WALKERVILLE, MICH. - After months of controversy surrounding the fire department’s budget, Walkerville firefighters and medical responders have announced that they will “walk off the job” next week if officials do not adopt a budget so the department can continue operations.
“The firefighters and medical responders met tonight (Monday, April 17) and have notified us that they are all walking off the job on the 27th if we have no money to operate on,” states a post on the Walkerville Area Fire and Rescue Facebook page.
The fire department is operated by the fire authority, which includes four different municipalities — Leavitt, Colfax and Elbridge townships and the Village of Walkerville. Members of the fire authority board include two members of each incorporating unit.
The fire department’s budget year begins March 31, which was the deadline for a new budget to be in place. So far, no budget has been adopted, and the fire department has no funds to operate, according to firefighter Leonard Amador.
Fire department Administrator Jerry Frick, who had been the fire chief for 35 years and has been on the department for over 50 years, has been the target of accusations by officials regarding the budget. However, the firefighters stand behind Frick and believe he is being unfairly targeted.
“You couldn’t ask for a better person,” Amador said. “Jerry Frick has well over 50 years on this department. He has put his life and soul into this department.”
The Frick family has a long history of serving on the fire department. Frick’s son, Greg Frick, took over as fire chief for his father in 2000. Prior to Jerry serving as fire chief, his father Lyle was the fire chief, beginning in 1945. The Walkerville Fire Department has existed since 1924, Amador said.
One source of contention is a washer and dryer ordered for the firefighters’ turnout gear. A “misappropriation of funds” to purchase the washer and dryer was cited at the February meeting. However, Frick said he was able to secure a grant for $18,500 to pay for the equipment. The local contribution for that purchase is $882, he said.
In the meantime, as the fire department has no funds, Frick has paid some of the department’s bills out of his own pocket in order to keep it in operation, Amador and Assistant Fire Chief Al Purdy told OCP last week. Jerry and his wife Verla paid the $400 electric bill, which was past due, they said. The electricity was within days of being shut off, they said. The couple also paid the department’s minimum payment on its credit card, they said.
The department’s fuel tank is empty, Amador said, so the fire trucks cannot be refueled until funds are available. Also, the volunteer firefighters, who get paid per run as a form of reimbursement for their time and expenses, were supposed to be paid April 15, and thus far no one has received a check.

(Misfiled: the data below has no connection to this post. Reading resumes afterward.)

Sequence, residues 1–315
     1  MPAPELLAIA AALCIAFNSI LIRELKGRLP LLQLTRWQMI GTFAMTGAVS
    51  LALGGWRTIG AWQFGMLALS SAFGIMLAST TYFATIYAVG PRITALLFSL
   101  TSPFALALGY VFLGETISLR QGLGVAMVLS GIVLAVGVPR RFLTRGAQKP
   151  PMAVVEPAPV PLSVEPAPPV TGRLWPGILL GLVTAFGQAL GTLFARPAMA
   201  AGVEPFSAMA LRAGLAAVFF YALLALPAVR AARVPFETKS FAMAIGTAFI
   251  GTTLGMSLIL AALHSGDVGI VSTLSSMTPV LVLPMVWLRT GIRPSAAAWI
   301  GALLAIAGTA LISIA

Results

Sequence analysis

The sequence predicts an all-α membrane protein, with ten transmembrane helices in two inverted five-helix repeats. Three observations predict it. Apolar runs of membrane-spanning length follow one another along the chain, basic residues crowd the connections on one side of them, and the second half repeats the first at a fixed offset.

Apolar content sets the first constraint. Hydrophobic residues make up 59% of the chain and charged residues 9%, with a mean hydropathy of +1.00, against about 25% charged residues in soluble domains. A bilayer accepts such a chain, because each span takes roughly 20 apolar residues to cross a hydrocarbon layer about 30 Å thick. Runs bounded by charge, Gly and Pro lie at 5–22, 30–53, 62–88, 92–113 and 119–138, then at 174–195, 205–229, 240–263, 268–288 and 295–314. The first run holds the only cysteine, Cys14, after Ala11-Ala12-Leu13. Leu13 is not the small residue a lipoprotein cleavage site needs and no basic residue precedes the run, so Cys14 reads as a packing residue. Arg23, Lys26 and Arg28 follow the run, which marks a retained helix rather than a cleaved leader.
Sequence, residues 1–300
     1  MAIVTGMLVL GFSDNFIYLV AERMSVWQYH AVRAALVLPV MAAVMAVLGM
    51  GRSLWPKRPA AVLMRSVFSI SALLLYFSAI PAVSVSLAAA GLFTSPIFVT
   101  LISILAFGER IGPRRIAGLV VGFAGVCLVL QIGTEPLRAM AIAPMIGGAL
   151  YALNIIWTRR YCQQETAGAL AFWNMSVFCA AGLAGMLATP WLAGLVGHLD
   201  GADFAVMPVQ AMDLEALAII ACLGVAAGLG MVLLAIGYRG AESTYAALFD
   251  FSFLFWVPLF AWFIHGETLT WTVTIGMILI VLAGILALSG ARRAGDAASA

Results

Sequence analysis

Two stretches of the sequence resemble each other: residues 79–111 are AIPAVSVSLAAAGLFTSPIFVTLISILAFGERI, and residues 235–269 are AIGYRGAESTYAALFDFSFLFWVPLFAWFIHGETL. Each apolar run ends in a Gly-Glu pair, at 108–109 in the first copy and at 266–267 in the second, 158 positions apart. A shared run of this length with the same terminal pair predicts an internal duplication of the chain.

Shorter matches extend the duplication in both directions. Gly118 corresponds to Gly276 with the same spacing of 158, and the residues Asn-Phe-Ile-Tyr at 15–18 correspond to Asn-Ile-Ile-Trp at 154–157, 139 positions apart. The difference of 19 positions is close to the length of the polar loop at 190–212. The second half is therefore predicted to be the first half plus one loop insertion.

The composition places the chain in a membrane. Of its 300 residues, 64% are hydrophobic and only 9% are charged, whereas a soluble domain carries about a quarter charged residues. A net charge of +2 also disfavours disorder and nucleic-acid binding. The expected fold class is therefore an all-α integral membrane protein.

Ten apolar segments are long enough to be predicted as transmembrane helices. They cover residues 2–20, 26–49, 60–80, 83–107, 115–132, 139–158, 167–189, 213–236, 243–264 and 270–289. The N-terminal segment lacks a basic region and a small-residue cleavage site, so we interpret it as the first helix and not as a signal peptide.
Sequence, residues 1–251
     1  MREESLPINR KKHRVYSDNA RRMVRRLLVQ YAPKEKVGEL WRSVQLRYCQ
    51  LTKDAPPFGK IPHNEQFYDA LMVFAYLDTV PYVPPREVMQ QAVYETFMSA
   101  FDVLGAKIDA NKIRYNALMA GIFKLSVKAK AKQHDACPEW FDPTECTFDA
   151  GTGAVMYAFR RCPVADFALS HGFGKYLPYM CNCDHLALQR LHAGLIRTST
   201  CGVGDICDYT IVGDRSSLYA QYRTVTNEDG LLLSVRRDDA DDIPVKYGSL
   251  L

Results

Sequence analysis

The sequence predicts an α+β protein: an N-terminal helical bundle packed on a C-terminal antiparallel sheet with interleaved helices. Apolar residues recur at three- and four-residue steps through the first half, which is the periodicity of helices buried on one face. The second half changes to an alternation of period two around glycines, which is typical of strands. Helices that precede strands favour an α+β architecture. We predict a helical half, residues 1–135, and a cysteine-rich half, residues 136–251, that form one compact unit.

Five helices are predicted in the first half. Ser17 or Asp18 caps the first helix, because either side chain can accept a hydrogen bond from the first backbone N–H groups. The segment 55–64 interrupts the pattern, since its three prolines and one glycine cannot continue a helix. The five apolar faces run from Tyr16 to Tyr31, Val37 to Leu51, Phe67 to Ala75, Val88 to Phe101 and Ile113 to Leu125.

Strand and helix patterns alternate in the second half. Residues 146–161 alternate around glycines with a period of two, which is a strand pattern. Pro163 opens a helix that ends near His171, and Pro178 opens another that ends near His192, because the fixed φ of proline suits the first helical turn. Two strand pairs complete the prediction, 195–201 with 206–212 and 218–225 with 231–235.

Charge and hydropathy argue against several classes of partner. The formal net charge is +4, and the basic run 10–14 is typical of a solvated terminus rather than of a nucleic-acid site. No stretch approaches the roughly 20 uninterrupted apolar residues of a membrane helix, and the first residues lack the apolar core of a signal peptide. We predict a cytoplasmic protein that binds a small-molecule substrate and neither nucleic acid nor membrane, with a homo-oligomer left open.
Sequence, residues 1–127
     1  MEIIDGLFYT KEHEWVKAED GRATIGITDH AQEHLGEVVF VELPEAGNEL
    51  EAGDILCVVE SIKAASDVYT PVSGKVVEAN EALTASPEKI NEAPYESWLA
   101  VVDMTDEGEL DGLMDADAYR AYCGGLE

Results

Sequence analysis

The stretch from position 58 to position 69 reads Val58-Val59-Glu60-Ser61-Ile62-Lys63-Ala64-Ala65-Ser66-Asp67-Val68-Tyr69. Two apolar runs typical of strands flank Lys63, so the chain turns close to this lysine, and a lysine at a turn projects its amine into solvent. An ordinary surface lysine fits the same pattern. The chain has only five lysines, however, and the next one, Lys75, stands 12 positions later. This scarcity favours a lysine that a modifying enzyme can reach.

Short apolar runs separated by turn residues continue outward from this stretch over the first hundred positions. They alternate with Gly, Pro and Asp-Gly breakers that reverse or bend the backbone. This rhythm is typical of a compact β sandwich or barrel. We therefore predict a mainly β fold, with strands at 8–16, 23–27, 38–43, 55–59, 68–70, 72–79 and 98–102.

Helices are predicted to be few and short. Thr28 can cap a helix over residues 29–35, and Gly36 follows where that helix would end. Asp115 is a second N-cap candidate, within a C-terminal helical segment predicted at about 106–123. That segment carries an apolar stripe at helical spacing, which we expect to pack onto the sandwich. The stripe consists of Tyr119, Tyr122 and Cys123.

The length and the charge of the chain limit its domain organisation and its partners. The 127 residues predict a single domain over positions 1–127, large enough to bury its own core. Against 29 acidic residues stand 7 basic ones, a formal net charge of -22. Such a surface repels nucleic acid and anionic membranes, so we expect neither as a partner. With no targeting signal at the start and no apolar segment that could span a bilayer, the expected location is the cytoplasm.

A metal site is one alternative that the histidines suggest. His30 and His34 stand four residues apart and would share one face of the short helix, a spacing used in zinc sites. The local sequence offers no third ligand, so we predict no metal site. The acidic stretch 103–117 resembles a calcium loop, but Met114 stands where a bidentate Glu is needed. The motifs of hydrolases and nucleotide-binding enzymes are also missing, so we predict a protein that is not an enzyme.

A fire board meeting is set for Saturday, April 22, at 9 a.m. at the Elbridge Township Hall. It is one of several meetings that have taken place over the last few months regarding the fire department’s budget. A few of the meetings were attended by uniformed officers of the Oceana County Sheriff’s Office due to the potential of violence erupting.
“The fire authority is a separate unit of government that runs the fire department,” said Okemos, Michigan attorney William Fahey during a heated fire authority meeting last February. Fahey’s firm was hired by the townships involved to sort out the budget fiasco. The fire department is “ultimately answerable to the incorporating units, and each of the incorporating units are answerable to (the citizens),”he said.
OCP called Fahey for further comment, and he referred questions to Leavitt Township Treasurer David Kruppe. A phone message left for Kruppe was never returned.
Leavitt Township Supervisor Richard Kolbe has resigned in the midst of the controversy.
“At that time (when the firefighters quit), anyone’s fire insurance will probably be canceled due to the fact that there is no fire department,” states the fire department’s Facebook post. “When you’re told mutual aid departments will take care of you, then ask them which one will be covering my house and check out the definition of mutual aid.”
Amador said township officials have wrongfully cited mutual aid from other departments will fill in if the Walkerville department ceases operations. “You are kicked out of the mutual aid pact when you quit being a viable department,” he said.
The department covers a 130 square-mile radius, and as of last week, the department has handled 80 emergency calls since Jan. 1, Amador said. The 21-member department also includes a rescue unit with Jaws of Life equipment that handles life-threatening emergencies.
“Every time we turn around, it seems like there’s a knife in our back,” said Purdy, who has been on the department for 30 years.
“Our job is to protect the citizens — we took a vow. They’re not letting us do our jobs,” Amador said.
Although it feels like they’ve been “fighting a never-ending battle,” Purdy, Amador and firefighter Leanne Amador (Leonard’s wife) said they just want the officials to get the budget settled so they can perform their duties as firefighters.
“Pay the damn budget and quit bickering,” Purdy said.
© 2017 Oceana County Press